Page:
Ex-aide: Rep. Dawnna Dukes billed state for days she wasn’t at Capitol

State Rep. Dawnna Dukes in 2014 billed the state for working on days she didn’t go to her Capitol office, as required by Texas House rules, and for other days she appeared to do no legislative work at all, according to a former aide who handled Dukes’ calendar at the time.

KiYa Moghaddam, who resigned from Dukes’ office in October 2015, said she confronted the Austin Democrat over the issue in August 2014.

“I told her that she had to actually be at the Capitol,” Moghaddam said in an interview with the American-Statesman. “I was thinking about the fact that I’m a taxpayer, and I don’t necessarily want my tax payments going to someone who’s not working for the interest of the constituency she represents.”

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Dukes received $4,674 in per diem travel payments after claiming 76 days worked in the first nine months of 2014, according to records obtained by the Statesman through the Texas Public Information Act. Her last request for payment that year, for Sept. 26, came about a month after the date Moghaddam said she discussed the matter with Dukes.

The travel voucher requests signed by Dukes included statements saying she had “traveled by personal car to Capitol to attend to legislative duties.”

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Buck Wood, a lawyer and expert on Texas ethics laws, said Dukes could face criminal charges if investigators determine she didn’t travel to the Capitol as claimed in the documents.

“If she did indeed sign and turn in a document that was false and received some money, that is falsifying a government record,” Wood said, adding that the amount of money involved determines whether any charges might be felonies or misdemeanors.

Earlier this year, Moghaddam said, she shared her concerns with investigators from the State Auditor’s Office, which has been investigating Dukes and has brought the Texas Rangers and the Travis County district attorney’s office into the probe after finding evidence of possible criminal wrongdoing.

The investigation began when two other former aides raised questions about Dukes using her staff for nongovernmental purposes by directing them to work on an East Austin nonprofit event she co-founded and by having one of them live with her and do personal errands.

The investigation has since widened to include questionable uses of governmental funds, including the per diem issue and an allegation that Dukes gave the live-in employee a $268 per month raise to cover the cost of driving Dukes’ daughter to and from school.

Dukes responded to an interview request from the Statesman with a text message: “Per diem request must be submitted. Plain and simple, I did not submit request forms for per diem during the time period. Any assumption that I did not make a request is or was associated with any reason other than I chose to not do so is falsely and patently INCORRECT.”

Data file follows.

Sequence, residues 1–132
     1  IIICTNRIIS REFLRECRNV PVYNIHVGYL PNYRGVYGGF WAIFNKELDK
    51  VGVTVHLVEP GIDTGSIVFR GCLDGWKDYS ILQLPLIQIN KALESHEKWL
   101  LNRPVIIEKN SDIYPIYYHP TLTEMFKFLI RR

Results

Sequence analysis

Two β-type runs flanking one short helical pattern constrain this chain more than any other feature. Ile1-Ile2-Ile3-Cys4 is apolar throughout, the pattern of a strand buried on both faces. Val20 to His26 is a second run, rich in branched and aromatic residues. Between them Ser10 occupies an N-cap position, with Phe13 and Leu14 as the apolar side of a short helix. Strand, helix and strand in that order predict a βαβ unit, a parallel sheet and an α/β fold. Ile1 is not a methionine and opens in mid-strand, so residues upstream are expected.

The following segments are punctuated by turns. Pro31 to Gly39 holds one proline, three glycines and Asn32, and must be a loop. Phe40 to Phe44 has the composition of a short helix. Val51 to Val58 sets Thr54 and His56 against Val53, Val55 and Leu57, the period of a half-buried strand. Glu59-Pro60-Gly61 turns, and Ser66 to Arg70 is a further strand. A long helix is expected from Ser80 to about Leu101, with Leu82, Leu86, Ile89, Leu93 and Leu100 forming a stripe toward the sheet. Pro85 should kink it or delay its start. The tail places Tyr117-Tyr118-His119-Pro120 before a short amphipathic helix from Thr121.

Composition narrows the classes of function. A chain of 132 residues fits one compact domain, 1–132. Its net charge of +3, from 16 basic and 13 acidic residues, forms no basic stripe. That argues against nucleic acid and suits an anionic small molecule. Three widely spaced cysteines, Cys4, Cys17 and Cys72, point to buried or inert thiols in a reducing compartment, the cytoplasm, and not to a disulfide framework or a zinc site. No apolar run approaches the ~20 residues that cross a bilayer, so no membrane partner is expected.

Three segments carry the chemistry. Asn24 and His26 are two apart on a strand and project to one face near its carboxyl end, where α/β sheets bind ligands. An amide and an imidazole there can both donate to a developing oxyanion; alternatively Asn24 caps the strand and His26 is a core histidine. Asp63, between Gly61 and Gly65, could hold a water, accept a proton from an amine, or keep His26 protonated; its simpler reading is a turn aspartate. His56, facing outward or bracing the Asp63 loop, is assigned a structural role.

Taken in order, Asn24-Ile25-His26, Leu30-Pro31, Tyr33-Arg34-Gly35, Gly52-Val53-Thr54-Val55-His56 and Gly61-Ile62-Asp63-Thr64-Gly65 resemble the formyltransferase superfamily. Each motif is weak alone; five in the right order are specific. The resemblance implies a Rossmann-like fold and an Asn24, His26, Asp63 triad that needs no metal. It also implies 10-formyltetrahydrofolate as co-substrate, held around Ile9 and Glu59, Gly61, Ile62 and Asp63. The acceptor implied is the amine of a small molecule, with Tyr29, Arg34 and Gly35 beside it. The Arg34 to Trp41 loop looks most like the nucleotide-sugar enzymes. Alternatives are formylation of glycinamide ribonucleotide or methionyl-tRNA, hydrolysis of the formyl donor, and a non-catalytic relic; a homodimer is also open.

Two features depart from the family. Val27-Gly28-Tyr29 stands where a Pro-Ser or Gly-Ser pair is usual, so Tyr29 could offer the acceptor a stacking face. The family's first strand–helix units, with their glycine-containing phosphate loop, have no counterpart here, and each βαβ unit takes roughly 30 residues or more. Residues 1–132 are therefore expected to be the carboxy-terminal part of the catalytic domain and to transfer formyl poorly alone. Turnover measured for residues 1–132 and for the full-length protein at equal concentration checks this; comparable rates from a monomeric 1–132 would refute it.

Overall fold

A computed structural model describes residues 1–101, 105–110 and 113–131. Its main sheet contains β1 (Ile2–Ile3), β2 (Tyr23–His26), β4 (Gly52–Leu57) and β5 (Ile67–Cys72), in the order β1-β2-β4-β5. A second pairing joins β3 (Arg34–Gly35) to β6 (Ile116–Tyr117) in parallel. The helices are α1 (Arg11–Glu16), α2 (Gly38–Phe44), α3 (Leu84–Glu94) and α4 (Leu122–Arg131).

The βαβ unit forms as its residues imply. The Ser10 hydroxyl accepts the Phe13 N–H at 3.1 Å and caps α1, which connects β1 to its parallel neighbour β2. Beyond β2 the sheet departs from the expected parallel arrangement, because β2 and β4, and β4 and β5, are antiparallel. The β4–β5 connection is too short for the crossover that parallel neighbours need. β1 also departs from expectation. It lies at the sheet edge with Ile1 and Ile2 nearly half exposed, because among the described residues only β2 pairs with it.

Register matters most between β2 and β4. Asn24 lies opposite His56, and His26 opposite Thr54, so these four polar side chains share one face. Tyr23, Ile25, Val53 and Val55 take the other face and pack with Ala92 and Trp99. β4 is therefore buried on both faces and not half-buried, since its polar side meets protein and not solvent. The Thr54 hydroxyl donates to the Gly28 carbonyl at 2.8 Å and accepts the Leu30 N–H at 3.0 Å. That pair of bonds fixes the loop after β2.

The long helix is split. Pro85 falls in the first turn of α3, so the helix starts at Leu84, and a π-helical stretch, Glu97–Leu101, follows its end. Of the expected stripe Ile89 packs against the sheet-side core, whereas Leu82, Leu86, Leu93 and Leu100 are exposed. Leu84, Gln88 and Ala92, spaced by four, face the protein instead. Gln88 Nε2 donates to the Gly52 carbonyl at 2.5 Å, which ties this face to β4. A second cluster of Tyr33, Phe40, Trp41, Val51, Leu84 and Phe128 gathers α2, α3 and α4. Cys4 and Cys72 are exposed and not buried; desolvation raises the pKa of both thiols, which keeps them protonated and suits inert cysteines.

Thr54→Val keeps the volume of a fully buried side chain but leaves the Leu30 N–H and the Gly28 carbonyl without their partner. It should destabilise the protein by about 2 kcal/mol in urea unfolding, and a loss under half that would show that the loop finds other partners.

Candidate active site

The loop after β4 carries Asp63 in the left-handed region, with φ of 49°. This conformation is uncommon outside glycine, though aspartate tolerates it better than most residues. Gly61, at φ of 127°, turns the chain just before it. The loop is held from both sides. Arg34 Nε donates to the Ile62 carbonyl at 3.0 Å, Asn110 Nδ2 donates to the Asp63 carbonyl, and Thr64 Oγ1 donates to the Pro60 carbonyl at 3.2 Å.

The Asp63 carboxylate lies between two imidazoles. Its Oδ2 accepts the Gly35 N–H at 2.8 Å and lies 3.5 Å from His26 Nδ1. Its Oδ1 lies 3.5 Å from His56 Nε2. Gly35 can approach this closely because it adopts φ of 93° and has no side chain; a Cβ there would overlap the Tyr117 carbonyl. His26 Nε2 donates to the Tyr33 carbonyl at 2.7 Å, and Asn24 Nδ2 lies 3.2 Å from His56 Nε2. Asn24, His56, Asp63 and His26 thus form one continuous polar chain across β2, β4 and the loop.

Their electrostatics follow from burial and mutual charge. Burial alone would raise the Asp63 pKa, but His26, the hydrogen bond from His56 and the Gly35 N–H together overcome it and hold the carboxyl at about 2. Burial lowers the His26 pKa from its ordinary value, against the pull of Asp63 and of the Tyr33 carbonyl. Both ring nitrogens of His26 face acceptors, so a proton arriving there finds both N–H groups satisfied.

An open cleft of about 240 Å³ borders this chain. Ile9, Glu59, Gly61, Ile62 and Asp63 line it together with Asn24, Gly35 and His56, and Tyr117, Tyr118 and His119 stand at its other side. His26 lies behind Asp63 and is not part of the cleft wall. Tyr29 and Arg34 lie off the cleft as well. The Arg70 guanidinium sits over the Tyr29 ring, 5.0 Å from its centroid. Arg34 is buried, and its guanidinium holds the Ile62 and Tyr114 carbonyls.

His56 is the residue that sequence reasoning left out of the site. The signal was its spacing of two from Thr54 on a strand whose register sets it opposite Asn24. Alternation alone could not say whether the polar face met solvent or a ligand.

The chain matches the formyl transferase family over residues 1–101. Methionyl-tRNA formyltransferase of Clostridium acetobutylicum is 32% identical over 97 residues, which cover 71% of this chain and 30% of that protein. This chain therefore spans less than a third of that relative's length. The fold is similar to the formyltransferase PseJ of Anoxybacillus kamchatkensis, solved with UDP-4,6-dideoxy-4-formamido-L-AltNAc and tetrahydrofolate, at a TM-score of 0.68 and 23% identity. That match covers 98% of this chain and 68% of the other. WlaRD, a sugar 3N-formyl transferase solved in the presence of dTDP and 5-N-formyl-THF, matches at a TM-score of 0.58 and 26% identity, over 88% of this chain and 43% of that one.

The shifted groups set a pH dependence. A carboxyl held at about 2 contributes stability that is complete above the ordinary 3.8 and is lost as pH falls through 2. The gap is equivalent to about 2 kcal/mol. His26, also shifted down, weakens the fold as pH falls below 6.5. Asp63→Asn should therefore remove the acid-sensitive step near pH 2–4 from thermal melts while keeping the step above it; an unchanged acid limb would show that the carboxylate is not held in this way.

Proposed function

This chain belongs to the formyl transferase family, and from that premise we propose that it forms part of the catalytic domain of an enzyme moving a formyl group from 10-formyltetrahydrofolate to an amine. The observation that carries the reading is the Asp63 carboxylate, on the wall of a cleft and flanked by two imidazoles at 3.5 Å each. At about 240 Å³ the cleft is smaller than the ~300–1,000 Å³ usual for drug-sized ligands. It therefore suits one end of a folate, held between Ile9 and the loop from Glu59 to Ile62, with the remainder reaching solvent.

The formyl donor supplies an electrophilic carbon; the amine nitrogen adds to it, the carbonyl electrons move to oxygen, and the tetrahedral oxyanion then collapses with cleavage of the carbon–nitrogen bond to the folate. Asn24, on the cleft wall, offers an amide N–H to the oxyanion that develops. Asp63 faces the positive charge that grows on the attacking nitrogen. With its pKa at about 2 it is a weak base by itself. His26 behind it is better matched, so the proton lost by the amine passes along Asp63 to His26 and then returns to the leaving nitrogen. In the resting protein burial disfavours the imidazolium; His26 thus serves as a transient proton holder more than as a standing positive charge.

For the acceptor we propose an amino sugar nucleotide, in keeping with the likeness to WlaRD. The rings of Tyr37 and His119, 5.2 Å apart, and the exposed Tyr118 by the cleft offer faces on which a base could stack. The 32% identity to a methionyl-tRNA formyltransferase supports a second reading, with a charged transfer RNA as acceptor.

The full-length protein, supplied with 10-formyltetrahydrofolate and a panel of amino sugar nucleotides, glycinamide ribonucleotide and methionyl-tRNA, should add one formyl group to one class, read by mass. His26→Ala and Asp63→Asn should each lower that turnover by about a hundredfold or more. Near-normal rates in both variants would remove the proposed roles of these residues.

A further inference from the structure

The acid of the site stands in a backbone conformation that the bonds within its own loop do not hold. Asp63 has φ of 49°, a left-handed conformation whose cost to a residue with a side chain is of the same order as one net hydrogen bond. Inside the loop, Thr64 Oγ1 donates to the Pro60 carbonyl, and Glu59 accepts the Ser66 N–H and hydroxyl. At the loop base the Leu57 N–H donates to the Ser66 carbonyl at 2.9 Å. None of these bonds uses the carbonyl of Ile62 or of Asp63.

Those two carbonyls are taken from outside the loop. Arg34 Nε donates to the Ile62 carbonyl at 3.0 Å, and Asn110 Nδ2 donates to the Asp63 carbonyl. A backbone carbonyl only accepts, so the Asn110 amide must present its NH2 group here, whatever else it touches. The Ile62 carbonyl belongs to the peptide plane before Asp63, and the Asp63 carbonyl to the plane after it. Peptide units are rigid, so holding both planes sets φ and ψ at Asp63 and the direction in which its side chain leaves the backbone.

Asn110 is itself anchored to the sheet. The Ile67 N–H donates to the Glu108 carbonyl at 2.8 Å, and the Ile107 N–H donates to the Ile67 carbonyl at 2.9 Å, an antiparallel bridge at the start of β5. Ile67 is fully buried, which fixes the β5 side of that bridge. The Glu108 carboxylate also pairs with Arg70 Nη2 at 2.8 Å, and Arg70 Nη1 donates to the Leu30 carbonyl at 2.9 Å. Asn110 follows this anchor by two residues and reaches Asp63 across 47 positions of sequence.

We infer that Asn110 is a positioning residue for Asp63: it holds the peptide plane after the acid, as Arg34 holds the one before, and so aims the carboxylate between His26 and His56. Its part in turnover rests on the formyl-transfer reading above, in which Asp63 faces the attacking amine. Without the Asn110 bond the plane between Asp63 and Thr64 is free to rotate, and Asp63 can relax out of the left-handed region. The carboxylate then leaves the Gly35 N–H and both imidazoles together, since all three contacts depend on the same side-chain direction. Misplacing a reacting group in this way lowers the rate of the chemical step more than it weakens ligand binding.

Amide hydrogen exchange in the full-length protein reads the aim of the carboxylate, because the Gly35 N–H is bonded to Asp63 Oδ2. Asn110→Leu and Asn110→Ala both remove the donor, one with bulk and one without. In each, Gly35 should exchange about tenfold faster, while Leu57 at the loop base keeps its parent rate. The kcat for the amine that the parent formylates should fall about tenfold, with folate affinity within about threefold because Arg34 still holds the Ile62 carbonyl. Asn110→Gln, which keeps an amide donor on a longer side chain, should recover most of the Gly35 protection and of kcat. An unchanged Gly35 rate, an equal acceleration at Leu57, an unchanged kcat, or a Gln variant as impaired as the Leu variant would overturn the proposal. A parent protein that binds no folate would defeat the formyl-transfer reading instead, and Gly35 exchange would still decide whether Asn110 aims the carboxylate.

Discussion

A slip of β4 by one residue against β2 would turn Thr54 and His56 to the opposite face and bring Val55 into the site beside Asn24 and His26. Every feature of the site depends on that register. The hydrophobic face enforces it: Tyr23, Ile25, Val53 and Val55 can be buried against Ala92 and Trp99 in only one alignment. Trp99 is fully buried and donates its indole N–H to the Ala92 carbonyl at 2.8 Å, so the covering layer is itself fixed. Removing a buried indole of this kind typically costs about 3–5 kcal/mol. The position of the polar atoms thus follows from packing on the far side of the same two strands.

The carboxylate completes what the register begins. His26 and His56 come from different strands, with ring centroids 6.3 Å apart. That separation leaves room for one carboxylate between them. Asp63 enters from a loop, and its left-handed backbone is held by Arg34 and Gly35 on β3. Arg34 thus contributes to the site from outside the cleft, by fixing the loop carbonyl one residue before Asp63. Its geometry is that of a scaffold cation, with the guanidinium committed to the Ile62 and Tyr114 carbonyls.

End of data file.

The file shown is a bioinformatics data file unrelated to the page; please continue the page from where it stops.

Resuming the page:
Asked to clarify the text message and to respond to Moghaddam’s comments, Dukes sent another text: “I will not dignify wild exaggerated allegations. I find this behavior bizarre and immature.”

Texas’ part-time Legislature meets for about five months every two years. During the session, state representatives get paid every business day, even if they don’t show up at the Capitol or request compensation.

In the interim, House members can get paid for up to 12 days per month, but they must request the payment and certify that they worked on certain days. In 2014, lawmakers who lived within 50 miles of the Capitol, including Dukes, received $61.50 for each day worked in the interim.

Dukes missed almost all of the 2015 legislative session and has said her absences were due to injuries she suffered in an August 2013 car crash.

It’s clear that Dukes went to the Capitol on at least two of the 76 days she claimed in 2014. Minutes from two House Appropriations Committee hearings in June 2014 show that she was present.

Dukes’ calendar, a redacted copy of which was obtained through a records request to her office, showed numerous events she was scheduled to attend in 2013 and 2015. But only one event was listed for all of 2014: a graduation speech on Jan. 24.

The Statesman also requested that the Department of Public Safety provide records on when Dukes entered or exited the Capitol and that the Texas Legislative Council, which handles information technology for lawmakers, provide records on when she logged into her state-issued computer. Both agencies have asked the Texas attorney general’s office to allow them to withhold the records from the Statesman.

Moghaddam said she raised the issue with Dukes after she learned from House officials that lawmakers must be present at the Capitol to collect per diem travel payments. Moghaddam said that Dukes told her that wasn’t the case and briefly continued to submit per diem vouchers for days that Moghaddam knew she wasn’t at the Capitol.

“She told me that it had always been that any legislative work that she did, whether it was from her home or in the district, counted toward per diem,” Moghaddam said. “There were days that she sent me claiming that she had made phone calls or had received phone calls that were not on her schedule.”

Soon after, Dukes stopped requesting per diem payments altogether.

The House Administration Committee sets the rules for per diem use in its Manual of Policies & Procedures, which says representatives can receive up to 12 days of per diem travel payments per month if they travel from their district to Austin “to attend to legislative duties in their office.” There is no provision allowing lawmakers to receive pay for legislative work done in their districts.

Dukes, in her 11th two-year term, represents much of North Austin, East Austin, Pflugerville and Manor.

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